Denham Springs uses huge third-quarter rally to trip Zachary _lowres

Advocate staff photo by JOHN OUBRE -- Denham coach Shelly Laprarie.

Shelly Laprarie is not a chemistry teacher by trade. But the Denham Springs girls basketball coach knows what a team that has chemistry looks like.

So Laprarie held a pivotal team meeting after DSHS failed to make the playoffs last spring.

“We were playing basically a JV squad and five sophomores, so it was extremely tough,” Laprarie said. “You could see the talent and potential was there, but we never could get it to gel the way we needed it to.

“That was frustrating and it was a big thing we talked about. I told them they were going to have to work harder than they ever worked and we had to find the chemistry to put it all together.”

The Yellow Jackets got the message and acted on it in a big way. Fifth-seeded Denham Springs (29-3) meets No. 1 Mandeville (30-1) in a Class 5A semifinal at 7:45 p.m. Tuesday to close out the first day of the Allstate Sugar Bowl/LHSAA Girls Top 28 tournament.

Action begins at 2:30 p.m. with two Class C semifinals. The other 5A semifinal — third-seeded Natchitoches Central (26-7) vs. No. 2 Mount Carmel Academy (27-6) is scheduled for 6 p.m. The five-day tourney runs through Saturday at Southeastern Louisiana’s University Center in Hammond.

Not making the playoffs isn’t a big deal for some programs. For Denham Springs it is. People can’t remember the last time the girls basketball team didn’t make the playoffs. They can count 10 appearances in the tourney era.

The year before, the Yellow Jackets advanced to the semifinals, losing 70-52 to eventual state champion Mount Carmel. Post player Tremeeka Spikes and guard Caroline Taylor both played in that semifinal loss.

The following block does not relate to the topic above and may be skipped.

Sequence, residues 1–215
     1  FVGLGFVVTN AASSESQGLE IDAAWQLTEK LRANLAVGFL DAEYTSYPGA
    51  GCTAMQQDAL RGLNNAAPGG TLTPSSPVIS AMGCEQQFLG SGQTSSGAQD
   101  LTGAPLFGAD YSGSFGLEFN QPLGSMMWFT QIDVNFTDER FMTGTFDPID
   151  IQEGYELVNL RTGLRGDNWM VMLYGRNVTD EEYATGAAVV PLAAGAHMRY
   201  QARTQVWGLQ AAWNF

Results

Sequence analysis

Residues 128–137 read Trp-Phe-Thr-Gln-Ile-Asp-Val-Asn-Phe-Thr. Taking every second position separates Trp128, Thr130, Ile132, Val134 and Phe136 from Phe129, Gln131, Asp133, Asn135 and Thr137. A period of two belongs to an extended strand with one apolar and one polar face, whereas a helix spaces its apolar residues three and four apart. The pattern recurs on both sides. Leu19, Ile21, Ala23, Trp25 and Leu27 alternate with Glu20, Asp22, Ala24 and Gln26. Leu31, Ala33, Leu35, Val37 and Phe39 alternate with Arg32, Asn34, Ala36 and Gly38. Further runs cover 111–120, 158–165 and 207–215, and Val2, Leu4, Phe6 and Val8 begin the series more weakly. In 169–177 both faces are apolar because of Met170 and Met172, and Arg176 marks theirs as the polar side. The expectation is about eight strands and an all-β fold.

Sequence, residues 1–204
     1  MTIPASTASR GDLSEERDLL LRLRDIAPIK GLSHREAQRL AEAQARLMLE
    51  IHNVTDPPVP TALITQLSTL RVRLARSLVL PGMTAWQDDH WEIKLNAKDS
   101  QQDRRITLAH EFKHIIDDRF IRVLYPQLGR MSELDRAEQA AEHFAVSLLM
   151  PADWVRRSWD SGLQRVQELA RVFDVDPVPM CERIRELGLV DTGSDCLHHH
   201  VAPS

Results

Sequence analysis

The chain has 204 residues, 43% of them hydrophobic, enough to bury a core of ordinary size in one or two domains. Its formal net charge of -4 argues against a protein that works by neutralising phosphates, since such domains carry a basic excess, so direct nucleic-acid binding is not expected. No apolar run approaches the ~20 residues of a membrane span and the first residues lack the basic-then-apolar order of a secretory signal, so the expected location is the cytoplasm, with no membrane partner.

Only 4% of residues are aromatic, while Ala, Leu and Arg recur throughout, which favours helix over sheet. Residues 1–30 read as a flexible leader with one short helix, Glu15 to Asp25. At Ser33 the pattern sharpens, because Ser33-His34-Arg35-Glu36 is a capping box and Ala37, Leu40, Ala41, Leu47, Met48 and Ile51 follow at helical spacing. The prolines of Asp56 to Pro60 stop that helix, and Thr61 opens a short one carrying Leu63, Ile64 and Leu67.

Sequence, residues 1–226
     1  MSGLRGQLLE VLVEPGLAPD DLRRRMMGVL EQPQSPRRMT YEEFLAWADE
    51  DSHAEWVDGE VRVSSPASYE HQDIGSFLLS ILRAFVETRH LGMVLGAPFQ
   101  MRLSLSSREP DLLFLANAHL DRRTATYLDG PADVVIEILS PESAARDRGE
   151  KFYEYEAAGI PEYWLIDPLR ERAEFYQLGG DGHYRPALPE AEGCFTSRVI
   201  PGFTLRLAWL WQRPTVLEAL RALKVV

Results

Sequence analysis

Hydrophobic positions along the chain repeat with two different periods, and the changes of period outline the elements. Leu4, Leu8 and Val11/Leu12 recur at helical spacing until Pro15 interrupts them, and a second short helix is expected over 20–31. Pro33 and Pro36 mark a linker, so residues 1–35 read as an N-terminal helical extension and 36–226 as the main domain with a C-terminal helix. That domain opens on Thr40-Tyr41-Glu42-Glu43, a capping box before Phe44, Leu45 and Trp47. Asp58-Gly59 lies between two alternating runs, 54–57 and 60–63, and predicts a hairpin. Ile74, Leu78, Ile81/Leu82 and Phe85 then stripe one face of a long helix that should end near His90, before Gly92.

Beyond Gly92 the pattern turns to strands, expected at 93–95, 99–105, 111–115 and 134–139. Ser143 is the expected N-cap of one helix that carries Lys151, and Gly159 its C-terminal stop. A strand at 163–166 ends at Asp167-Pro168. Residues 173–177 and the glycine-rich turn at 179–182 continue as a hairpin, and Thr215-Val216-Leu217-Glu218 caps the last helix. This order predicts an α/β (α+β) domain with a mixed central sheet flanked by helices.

A semifinal loss in 2014 and not making the playoffs in 2015 provides motivation. All the Denham Springs players have to do is walk into the lobby of the school’s Hornsby Gym to find more.

Sitting in the trophy case is the large, four-post trophy with a huge golden basketball on top. It’s the Class 5A championship trophy the Yellow Jackets won in 1996. A team led by future LSU star Katrina Hibbert was 37-0 and beat nationally ranked Southwood-Shreveport to win the title.

This Denham Springs team isn’t about ornate trophies, though it wouldn’t mind winning one. These Yellow Jackets are about balance and yes, about chemistry built during a summer of team camps at Copiah-Lincoln Community College, SLU and the University of Louisiana at Lafayette.

Spikes, a 5-foot-10 junior post player, averages 16 points and nine rebounds a game. Lexi McMorris (5-6) is next with a 13.0 average, while Taylor (5-6) adds 11.0 Laprarie plays eight players frequently. Another post player, Maia Robinson, has been a key contributor to playoff wins over Pineville and fourth-seeded Barbe.

“Defense is a big part of what we do,” Laprarie said. “I always ask them which player for the other team do we need to deny or take away and they’ll tell me.

“I’ve turned that around and asked which player for us would the other team take away. That’s a tough one to answer because if the defense takes one thing away or if somebody has an off night, somebody else is always there to pick up the slack.”

McMorris, who sat out last year after transferring from Walker, is the lone senior.

“When I sat on the bench last year I got to watch the offense and defense,” McMorris said. “I saw openings where we could have gotten steals and other things you can’t always see when you’re on the court. I learned from that and when we started working last summer I knew what to expect and what we needed to do.”

In Mandeville, the Yellow Jackets face their toughest opponent to date. Guard Elise Riley is considered to be one of the top 5A players and is averaging 22.6 points, 3.4 assists and 2.7 steals a game. Shantel Short adds 12.5 points per game.

The two teams did meet in a summer camp game at Copiah and Denham Springs won a shot at the buzzer. Laprarie notes that the Skippers may not have had all their players at the camp.

“Mandeville is a sound team,” Laprarie said. “(Riley) is an outstanding player. They’re not the kind of team that beats themselves.

“I think our balance works in our favor. We can’t beat ourselves and we have to be able to handle that atmosphere. It’s what you expect in a semifinal.”